This web page shows only a small excerpt of our Scaiwynne research. Another 343 words (24 lines of text) covering the years 1250, 1801, 1595, 1600, 1689, 1640, 1602, 1670, 1644 and 1722 are included under the topic Early Scaiwynne History in all our PDF Extended History products and printed products wherever possible.

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Scaiwynne Early Notables (pre 1700)


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Scaiwynne Early Notables (pre 1700)



Notable amongst the family at this time was Sir Thomas Scawen of Cashalton; William Scawen (1600-1689), English politician who sat in the House of Commons in 1640 and fought for the Royalist cause in the English Civil War, he was one of the pioneers in...

Another 44 words (3 lines of text) are included under the topic Early Scaiwynne Notables in all our PDF Extended History products and printed products wherever possible.

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The Great Migration


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The Great Migration



An investigation of the immigration and passenger lists has revealed a number of people bearing the name Scaiwynne: Richard Scawell, who arrived in Barbados in 1680 with his servants; as well as Charles Scawen, who arrived in New England in 1765.

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Scaiwynne Family Crest Products


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Scaiwynne Family Crest Products




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See Also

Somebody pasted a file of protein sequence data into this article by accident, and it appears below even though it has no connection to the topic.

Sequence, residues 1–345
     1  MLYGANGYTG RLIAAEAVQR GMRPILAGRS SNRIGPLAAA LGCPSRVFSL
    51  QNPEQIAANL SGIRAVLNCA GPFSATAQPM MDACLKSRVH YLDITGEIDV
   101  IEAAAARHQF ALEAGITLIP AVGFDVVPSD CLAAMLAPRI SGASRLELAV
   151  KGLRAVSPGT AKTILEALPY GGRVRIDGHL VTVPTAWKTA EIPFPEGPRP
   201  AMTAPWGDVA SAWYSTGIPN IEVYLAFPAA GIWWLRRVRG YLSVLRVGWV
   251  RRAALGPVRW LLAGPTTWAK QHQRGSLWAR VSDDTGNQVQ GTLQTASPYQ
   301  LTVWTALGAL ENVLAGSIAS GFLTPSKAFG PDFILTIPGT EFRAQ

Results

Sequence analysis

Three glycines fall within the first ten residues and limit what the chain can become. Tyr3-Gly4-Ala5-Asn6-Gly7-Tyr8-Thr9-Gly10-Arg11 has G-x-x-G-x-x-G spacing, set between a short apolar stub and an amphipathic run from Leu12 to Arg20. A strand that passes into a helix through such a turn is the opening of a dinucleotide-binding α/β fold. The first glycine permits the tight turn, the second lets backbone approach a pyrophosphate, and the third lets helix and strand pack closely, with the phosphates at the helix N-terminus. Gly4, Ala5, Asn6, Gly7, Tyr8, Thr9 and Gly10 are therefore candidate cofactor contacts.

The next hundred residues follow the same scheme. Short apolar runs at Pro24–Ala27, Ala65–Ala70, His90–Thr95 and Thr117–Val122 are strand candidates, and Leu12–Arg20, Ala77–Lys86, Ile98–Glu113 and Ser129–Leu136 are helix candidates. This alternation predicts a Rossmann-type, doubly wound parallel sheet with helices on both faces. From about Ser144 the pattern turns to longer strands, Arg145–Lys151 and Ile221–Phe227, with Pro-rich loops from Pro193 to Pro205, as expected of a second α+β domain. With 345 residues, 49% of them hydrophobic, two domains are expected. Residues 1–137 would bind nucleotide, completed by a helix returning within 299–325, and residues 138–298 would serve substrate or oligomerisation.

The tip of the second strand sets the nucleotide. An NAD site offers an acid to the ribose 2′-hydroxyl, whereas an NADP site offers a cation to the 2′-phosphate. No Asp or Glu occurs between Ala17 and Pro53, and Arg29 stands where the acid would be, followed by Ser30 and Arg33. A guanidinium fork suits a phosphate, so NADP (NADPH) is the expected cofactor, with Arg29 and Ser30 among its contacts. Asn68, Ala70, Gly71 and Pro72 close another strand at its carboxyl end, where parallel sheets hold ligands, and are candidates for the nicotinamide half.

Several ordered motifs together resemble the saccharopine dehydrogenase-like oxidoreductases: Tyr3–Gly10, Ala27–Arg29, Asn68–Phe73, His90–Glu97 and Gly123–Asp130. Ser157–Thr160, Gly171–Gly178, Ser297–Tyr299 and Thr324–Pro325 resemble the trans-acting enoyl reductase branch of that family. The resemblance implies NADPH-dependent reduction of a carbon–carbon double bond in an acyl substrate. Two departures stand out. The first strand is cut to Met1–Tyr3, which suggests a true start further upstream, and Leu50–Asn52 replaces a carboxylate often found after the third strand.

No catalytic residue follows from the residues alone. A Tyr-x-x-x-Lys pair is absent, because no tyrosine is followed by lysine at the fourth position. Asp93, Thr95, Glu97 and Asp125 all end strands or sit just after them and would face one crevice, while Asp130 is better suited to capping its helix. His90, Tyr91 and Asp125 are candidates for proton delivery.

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See Also




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Citations


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Citations



    Other References

    1. Humble, Richard. The Fall of Saxon England. New York: Barnes and Noble, 1975. Print. (ISBN 0-88029-987-8).
    2. Zieber, Eugene. Heraldry in America. Philadelphia: Genealogical Publishing Co. Print.
    3. Mills, A.D. Dictionary of English Place-Names. Oxford: Oxford University Press, 1991. Print. (ISBN 0-19-869156-4).
    4. Foster, Joseph. Dictionary of Heraldry Feudal Coats of Arms and Pedigrees. London: Bracken Books, 1989. Print. (ISBN 1-85170-309-8).
    5. Colletta, John P. They Came In Ships. Salt Lake City: Ancestry, 1993. Print.
    6. Hanks, Patricia and Flavia Hodges. A Dictionary of Surnames. Oxford: Oxford University Press, 1988. Print. (ISBN 0-19-211592-8).
    7. Burke, Sir Bernard. Genealogical and Heraldic History of the Peerage and Baronetage, The Privy Council, Knightage and Compainonage. London: Burke Publishing, 1921. Print.
    8. Leeson, Francis L. Dictionary of British Peerages. Baltimore: Genealogical Publishing, 1986. Print. (ISBN 0-8063-1121-5).
    9. Virkus, Frederick A. Ed. Immigrant Ancestors A List of 2,500 Immigrants to America Before 1750. Baltimore: Genealogical Publishing, 1964. Print.
    10. Passenger Lists of Vessels Arriving at Galveston Texas 1896-1951. National Archives Washington DC. Print.
    11. ...

    The Scaiwynne Family Crest was acquired from the Houseofnames.com archives. The Scaiwynne Family Crest was drawn according to heraldic standards based on published blazons. We generally include the oldest published family crest once associated with each surname.

    This page was last modified on 28 November 2013 at 11:22.